MSF warns of medical emergency in northern Sri Lanka

PRESS RELEASE: Colombo, 26th April 2000 - Authorities continue blocking shipment of essential medical supplies of Medecins Sans Frontieres (MSF) into the war-torn north of the country. Because of a sudden change in the procedure for approval and transportation of medecines, it will take another month before MSF supplies can go through. MSF warns of a medical emergency in the northern districts. The emergency medical relief organisation once again calls on the Government of Sri Lanka to expedite the transport of medical supplies into the north without further delay.

"Despite urgent appeals to government officials last week and despite the oral assurances of military officials, our medical supplies remain blocked", said Isabel Simpson, MSF's Head of Mission in Sri Lanka. "Our supplies of antibiotics, pain relief drugs, oxygen and anaesthetics in the projects in Kilinochchi and Mullaitivu are becoming dangerously low. Even for the treatment of women and children. Next to this the list of approved drugs has been reduced from 186 items to only 81. Surgical supplies have been restricted."

Mallavi Hospital reflects the deterioration in the situation over the past weeks. Typically MSF carries out 25 major surgical procedures per week. In the last few days, eight surgical patients - including two men over 60 years and two children under 14 years - have been sent home without analgesic treatment. Three pregnant mothers have been admitted to maternity ward with serious complications awaiting further treatment, one due to lack of chloroquine medication for malaria. There has also been an increase in chronic disease admissions, suffering from complications due to lack of regular medication. These patients include three diabetics, five asthmatics, an epileptic and a vascular disease patient who suffered a stroke. More than 25 patients have been admitted suffering from malaria or fever, who have also been unable to receive treatment.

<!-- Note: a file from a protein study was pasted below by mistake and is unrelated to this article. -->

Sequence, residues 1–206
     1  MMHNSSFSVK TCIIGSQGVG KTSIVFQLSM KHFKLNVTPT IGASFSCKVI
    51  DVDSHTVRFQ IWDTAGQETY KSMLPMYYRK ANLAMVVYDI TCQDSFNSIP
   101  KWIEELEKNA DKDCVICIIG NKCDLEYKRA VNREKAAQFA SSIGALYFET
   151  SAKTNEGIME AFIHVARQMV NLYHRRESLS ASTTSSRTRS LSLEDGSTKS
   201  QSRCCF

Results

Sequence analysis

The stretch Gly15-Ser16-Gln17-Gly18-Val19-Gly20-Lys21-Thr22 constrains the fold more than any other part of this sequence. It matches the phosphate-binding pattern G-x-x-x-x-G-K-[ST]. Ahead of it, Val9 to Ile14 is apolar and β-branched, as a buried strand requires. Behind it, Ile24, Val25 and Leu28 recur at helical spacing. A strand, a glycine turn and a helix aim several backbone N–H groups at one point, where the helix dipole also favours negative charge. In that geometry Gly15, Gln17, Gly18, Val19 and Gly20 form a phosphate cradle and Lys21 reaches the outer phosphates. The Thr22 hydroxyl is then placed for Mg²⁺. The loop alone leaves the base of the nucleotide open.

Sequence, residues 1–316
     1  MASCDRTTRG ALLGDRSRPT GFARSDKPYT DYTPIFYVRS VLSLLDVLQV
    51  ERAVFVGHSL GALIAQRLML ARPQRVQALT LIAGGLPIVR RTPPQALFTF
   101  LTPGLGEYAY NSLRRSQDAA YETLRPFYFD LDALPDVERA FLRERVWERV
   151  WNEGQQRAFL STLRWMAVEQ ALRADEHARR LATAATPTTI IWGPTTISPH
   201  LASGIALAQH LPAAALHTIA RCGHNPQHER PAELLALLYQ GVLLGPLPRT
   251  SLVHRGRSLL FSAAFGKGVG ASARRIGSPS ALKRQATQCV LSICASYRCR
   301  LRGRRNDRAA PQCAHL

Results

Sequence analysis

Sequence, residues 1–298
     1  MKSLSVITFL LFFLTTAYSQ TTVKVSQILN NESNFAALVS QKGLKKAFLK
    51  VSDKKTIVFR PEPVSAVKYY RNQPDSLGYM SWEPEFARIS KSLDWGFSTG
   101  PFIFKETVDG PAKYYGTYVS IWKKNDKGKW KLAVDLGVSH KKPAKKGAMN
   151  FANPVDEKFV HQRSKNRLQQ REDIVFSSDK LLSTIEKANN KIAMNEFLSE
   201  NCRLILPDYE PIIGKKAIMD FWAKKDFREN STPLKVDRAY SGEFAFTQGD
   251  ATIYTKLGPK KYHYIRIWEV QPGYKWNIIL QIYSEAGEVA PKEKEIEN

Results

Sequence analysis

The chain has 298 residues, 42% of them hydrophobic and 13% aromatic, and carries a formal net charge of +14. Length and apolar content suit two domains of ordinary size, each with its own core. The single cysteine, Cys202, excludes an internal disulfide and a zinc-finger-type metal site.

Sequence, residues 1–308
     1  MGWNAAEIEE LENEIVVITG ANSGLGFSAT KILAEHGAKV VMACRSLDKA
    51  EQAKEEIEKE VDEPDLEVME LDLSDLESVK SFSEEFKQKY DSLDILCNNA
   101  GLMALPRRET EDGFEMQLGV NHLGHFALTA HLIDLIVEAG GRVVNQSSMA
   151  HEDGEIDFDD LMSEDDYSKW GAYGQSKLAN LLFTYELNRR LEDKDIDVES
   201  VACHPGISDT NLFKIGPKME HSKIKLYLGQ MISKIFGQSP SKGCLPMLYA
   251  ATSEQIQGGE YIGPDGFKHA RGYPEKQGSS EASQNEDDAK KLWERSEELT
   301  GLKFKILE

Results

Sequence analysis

Humanitarian convoys carrying medical supplies are generally permitted to cross the Forward Defence Lines twice a week. In the past few weeks MSF's supplies have been consistently turned away from the convoy. The Ministry of Health did not send medical stocks to the north since the beginning of 2000, except for one cargo to Kilinochchi on April 21st, with quantities too small and restricted to alleviate the situation for the population.

MSF in Sri Lanka

MSF has been present in Sri Lanka since 1986, providing assistance to the civilian population and victims of the armed conflict.

Currently, MSF is running projects in Jaffna Teaching Hospital (JTH) with the provision of two paediatricians and a midwife and will assist in the laboratory of JTH. In Kyats and Chavakachcheri, MSF runs paediatric clinics, in Point Pedro there is a surgical team comprising a surgeon, anaesthetist, OT nurse and medical doctor as, at present, there are no fully qualified doctors in Point Pedro Hospital.

In Vavuniya, MSF provides a surgeon and is conducting an evaluation to improve surgical care in Vavuniya Hospital. In Madhu, a doctor, midwife, nurse and logistician provide care to assist the displaced population of Madhu and Tatchanamadhu and ensure referral of patients to Vavuniya or other hospitals. In Murunkan Hospital, MSF has a doctor and nurse to improve the quality of care in the hospital as well as a logistician to improve the basic facilities of the hospital - notably in hygiene and sterilisation.

Mobile clinics are also carried out in remote areas of Mannar District.

In Batticaloa, there is a project of surgical assistance with two surgeons and an OT nurse to provide rehabilitation of the operation theatre and a mobile team which conducts clinics in both government and LTTE controlled areas of the district with difficult access to existing health structures.

In Mallavi, MSF provides surgical, paediatric and obstetric/gynaecology services with the provision of a surgeon, anaesthetist, paediatrician, obstetrician, nurse and logistician. In Puthukkudiyiruppu, MSF works in ante-natal and well-baby clinics to support community health staff with an MSF doctor and nurse.

In total MSF teams in Sri Lanka include 46 expatriates and 140 Sri Lankan national staff.